Release Date: September 29, 2017
Genre: Indie Rock
Change (v): (1) to make or become different; (2) to take or use another instead of.
Change is nothing new to the lives of each and every one of us. We’ve always been told that change is a good thing. Change is something that helps us grow and expand our creativity. Change is inevitable.
This is just what Peterborough, Ontario’s Nick Ferrio did with his recent release of Soothsayer; a 10 track album composed of rock and roll songs. For those fans that have followed Ferrio for a while, this is something new and exciting. It is a definite change from his previously released folk and country albums. But as I said before, change is good… right?
With the release of Soothsayer Ferrio, along with his band His Feelings (Sean Conway on bass and Brandon Munro on drums), creates melodies inspired by a 70’s power-pop sound. Staying true to his folk roots, storytelling and feelings are the focus of the lyrics and melodies. The feelings on this album are described as being “wrapped in the fuzzy sweaters of rock and roll and psychedelia.” The stories being told through the lyrics are often something relatable to the general audience. The combination guitar, distortion, and drums create groovy magic. What more could you ask for?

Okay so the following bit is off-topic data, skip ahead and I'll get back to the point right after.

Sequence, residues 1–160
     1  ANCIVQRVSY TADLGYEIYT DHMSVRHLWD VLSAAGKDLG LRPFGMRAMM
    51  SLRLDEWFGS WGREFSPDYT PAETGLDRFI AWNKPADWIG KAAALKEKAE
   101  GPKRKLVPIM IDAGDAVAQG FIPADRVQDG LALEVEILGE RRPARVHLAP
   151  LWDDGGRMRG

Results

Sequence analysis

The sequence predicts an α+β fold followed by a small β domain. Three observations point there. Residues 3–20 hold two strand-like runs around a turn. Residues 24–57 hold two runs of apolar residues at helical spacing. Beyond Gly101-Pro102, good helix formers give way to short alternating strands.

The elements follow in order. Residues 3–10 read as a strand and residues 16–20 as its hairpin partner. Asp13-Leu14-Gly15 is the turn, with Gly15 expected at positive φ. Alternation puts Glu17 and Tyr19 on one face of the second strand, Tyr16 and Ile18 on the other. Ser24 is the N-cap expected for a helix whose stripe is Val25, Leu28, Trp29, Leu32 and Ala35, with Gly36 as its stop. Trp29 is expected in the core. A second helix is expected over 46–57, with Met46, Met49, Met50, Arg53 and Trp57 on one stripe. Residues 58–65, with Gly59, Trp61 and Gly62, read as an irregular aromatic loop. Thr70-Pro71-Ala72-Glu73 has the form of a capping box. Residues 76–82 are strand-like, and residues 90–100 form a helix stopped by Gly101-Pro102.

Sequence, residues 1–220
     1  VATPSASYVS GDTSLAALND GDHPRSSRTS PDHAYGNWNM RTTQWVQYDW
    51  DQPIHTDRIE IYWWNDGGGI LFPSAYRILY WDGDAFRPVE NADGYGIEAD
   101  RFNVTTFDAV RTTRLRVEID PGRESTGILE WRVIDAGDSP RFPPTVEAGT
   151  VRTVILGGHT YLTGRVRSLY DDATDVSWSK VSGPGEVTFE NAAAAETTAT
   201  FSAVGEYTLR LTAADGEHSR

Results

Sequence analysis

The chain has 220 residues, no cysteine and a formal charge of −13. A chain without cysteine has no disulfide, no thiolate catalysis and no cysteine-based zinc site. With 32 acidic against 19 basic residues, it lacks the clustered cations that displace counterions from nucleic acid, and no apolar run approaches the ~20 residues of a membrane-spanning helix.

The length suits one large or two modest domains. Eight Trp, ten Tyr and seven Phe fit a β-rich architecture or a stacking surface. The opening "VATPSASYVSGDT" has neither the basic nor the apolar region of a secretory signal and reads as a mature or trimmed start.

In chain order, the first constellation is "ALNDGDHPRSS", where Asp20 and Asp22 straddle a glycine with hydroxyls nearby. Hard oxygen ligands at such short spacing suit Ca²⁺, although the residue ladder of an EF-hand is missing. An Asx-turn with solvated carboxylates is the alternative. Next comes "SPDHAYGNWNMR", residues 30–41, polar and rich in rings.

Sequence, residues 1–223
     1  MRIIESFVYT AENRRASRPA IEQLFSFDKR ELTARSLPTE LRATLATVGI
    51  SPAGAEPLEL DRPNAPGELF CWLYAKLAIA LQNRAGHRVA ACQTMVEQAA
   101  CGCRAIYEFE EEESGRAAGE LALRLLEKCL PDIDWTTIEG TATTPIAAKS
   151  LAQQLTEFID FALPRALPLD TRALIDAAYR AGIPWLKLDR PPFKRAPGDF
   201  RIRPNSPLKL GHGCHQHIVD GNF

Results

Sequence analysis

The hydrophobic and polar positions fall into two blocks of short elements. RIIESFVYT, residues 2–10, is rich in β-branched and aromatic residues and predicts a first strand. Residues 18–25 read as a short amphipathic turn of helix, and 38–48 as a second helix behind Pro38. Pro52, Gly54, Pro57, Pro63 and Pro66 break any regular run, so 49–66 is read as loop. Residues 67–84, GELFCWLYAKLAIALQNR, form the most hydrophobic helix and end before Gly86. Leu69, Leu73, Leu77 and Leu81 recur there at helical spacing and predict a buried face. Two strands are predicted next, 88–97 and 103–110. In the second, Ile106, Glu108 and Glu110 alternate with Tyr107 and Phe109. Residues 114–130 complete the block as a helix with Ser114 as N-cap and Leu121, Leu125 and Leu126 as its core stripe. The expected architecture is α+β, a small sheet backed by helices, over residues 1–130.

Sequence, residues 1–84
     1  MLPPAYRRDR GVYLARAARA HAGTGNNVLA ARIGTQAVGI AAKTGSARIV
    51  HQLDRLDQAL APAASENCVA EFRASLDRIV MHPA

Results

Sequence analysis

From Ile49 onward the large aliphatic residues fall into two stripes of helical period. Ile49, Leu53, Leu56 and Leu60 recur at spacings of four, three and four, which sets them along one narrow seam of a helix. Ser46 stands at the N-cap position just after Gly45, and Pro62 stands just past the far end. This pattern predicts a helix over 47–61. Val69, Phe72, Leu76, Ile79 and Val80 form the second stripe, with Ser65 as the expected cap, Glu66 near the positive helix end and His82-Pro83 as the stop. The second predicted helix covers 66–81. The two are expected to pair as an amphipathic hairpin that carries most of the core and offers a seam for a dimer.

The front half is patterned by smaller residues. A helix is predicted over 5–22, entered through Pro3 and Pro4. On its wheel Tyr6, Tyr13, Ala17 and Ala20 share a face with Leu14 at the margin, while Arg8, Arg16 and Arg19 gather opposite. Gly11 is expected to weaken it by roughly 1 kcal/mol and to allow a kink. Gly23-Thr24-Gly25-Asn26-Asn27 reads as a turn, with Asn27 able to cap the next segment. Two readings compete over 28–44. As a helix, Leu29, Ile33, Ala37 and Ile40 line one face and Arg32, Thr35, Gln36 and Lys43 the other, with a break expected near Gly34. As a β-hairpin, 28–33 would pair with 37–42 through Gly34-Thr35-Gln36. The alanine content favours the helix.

The 70s influence is definitely strong throughout the album. The addition of distortion and groovy beats adds to the catchiness of the songs. Stand outs on this album are definitely “Squeeze The Breeze” and “Everybody Talks” for me. The lyrics were intriguing and the beats were catchy. These are definitely tracks that I can see myself adding to my current playlist sometime in the near future.
Hey! My name is Melissa. I’m a Special Education Teacher from Newfoundland. Music has always played an important role in my life. Growing up I would spend countless hours listening to the Top 40 Countdown on the radio to record a song I liked to cassette. Then it was the hassle of carrying around a Discman and many CDs because you definitely wanted a variety. Gotta love the nineties! However, it wasn’t until volunteering for the ECMAs in 2004 that I realized that there was a whole other world of music that I was missing out on and I haven’t looked back.